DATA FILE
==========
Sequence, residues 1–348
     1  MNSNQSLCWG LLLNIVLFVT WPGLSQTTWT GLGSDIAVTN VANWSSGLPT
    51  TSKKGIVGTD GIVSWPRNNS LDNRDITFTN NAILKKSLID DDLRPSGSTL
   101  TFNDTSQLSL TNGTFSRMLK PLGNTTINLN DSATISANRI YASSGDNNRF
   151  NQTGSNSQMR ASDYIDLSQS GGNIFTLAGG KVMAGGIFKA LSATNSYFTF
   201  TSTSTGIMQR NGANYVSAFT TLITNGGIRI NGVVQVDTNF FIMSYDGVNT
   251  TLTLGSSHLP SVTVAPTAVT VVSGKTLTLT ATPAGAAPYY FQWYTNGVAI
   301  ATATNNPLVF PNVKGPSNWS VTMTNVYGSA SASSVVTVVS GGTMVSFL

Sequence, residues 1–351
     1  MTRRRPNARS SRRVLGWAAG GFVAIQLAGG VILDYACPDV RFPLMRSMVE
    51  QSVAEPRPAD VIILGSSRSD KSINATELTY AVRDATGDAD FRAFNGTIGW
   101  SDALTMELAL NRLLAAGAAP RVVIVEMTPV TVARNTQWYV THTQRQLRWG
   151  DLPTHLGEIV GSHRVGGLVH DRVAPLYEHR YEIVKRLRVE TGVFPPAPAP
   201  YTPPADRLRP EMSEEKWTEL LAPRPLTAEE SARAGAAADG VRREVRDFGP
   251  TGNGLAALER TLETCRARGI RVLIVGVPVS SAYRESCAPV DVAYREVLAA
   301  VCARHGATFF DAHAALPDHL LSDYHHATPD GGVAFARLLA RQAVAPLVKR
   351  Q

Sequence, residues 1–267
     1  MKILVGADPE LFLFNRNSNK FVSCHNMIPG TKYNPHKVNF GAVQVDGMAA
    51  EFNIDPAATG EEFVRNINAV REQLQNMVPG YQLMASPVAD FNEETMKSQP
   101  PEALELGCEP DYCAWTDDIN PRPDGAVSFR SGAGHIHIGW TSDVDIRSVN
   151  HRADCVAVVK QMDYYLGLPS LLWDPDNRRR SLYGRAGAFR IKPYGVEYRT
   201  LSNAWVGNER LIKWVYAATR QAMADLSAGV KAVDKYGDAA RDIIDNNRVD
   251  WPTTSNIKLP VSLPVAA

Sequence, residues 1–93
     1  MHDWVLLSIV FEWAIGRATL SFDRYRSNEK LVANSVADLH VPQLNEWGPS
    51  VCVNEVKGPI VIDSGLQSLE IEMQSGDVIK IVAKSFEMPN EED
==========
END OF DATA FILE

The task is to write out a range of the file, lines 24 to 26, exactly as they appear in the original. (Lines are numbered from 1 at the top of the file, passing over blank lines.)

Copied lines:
   251  WPTTSNIKLP VSLPVAA

Sequence, residues 1–93
     1  MHDWVLLSIV FEWAIGRATL SFDRYRSNEK LVANSVADLH VPQLNEWGPS